Note: This review is from the 2017 Fringe

Do you lie? Of course you fucking do! In a matter of minutes, Red Bastard will demonstrate that we’re all liars, right down to the very last one of us. “But they’re just white lies,” you’ll whine. “They don’t matter.” With that in mind, Red Bastard then homes in on the one area which matters most – love. This clownish, interactive, theatrical comedy turns the spotlight on our own choices with regards to love and fidelity and asks us to examine the rules by which we play humanity’s favourite game.

Not wanting to give too much away, the central message at the heart of Lie With Me is certainly worthy of discussion and may well challenge a host of pre-existing conceptions which many an audience member had accepted as writ up until seeing the show. The thematic meat of the sandwich might not come across as fresh or as profound to the more liberal or open-minded in attendance (those which Red Bastard calls “perverts” with tongue firmly in cheek), but judging by the wider reaction, it’s a viewpoint which has barely crossed the minds of the majority.

As such, it’s certainly an important experience which could well open up alternative ways of thinking. Unfortunately, the presentation of the show’s central tenet is not quite as slick as it’d like to be. Although it’s marketed as an interactive journey which will vary according to audience responses, in reality it’s clear that Red Bastard has a predetermined endpoint in mind and is keenly (though sometimes clumsily) twisting the audience participation to those goals. Similarly, problematic lines of enquiry are quickly dismissed if they are deemed to pose a threat to the route which has been mapped out.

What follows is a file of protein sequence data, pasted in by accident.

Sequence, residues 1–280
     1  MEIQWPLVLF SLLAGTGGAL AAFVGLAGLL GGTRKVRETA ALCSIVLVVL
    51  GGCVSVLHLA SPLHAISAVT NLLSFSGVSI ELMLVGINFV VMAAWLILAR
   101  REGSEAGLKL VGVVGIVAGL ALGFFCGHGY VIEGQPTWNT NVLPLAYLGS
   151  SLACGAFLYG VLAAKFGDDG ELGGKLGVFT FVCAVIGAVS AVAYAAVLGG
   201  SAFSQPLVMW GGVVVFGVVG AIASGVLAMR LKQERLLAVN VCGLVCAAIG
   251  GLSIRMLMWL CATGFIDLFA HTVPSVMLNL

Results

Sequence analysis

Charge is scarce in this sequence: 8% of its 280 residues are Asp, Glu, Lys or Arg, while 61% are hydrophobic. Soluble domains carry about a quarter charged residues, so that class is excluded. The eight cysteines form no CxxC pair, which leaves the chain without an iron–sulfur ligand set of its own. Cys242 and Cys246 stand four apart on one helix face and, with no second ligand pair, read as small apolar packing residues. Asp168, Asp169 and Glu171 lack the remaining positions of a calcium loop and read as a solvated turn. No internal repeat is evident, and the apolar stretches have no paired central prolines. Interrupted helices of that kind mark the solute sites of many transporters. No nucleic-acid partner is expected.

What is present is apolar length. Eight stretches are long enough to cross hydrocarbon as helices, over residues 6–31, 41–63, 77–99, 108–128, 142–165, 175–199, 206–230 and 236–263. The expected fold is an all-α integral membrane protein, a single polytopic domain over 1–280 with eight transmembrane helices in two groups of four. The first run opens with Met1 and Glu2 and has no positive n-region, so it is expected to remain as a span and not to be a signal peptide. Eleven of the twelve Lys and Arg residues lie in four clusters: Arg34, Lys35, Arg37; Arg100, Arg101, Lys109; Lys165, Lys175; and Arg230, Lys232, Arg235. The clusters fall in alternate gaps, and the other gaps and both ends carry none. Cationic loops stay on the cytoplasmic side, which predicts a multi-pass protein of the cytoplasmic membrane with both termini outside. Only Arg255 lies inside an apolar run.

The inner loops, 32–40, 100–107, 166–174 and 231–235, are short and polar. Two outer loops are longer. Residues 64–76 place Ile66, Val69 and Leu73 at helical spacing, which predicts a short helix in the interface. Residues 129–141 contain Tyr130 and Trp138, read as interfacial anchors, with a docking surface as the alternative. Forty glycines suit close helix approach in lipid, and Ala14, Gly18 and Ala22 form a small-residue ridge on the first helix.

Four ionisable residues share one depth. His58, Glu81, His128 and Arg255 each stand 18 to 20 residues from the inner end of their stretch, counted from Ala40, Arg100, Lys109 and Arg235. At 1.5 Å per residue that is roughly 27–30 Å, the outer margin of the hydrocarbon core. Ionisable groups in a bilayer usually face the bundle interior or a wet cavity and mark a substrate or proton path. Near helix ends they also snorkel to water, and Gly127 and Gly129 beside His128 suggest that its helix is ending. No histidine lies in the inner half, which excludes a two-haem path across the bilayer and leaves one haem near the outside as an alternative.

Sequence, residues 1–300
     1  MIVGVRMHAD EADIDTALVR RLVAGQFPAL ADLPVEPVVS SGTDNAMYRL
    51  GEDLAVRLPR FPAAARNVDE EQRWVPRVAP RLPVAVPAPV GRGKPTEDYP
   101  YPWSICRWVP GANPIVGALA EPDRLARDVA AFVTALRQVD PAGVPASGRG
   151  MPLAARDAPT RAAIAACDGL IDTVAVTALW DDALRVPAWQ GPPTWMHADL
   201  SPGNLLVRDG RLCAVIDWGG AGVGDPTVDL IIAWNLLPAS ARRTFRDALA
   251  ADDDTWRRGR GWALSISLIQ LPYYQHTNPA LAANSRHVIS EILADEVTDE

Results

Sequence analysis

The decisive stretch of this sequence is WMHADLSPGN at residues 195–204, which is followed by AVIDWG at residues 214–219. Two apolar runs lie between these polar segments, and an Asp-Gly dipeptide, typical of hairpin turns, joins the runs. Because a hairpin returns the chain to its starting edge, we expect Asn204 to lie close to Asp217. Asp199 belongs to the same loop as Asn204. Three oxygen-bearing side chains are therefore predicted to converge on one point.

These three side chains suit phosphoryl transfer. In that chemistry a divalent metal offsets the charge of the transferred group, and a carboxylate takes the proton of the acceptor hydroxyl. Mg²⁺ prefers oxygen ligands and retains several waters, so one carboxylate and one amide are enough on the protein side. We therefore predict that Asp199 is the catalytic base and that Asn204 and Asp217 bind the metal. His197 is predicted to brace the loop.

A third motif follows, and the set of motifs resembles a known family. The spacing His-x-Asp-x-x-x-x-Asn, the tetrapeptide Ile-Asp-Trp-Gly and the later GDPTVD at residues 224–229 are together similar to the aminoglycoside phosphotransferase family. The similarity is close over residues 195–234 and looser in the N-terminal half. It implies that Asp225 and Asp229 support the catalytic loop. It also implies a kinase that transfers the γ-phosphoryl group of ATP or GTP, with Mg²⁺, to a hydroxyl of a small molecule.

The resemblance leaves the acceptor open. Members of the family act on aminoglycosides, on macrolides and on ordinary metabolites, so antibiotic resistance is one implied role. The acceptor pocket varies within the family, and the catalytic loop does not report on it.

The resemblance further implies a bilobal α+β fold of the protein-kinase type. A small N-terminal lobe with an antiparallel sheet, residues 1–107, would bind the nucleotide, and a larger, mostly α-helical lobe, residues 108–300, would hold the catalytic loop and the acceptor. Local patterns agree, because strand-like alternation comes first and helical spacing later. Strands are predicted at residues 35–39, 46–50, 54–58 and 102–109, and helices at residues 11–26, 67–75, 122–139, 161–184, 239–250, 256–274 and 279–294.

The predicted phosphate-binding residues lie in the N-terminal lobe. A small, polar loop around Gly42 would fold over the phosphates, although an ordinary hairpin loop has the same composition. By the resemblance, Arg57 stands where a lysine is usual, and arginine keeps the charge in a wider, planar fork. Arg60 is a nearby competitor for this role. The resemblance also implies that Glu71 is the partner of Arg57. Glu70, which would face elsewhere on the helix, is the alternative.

At the same time, the show doesn’t seem to know quite what genre it fits into. At one moment Eric Davis (the man behind the Bastard) is baring his soul to us, the next the Bastard takes over and leaps around the stage in full Jim Carrey mode. That’s not necessarily a bad thing, but the last segment in particular is incongruous and simply aims for cheap laughs at the expense of awkward audience members; it smacks of filler material that could quite easily be discarded in order to give a weightier oomph to the real issues at play. All in all, it’s certainly a flawed show which could do with neatening up here and there, but nevertheless brings an interesting and potentially powerful concept under the Fringe spotlight.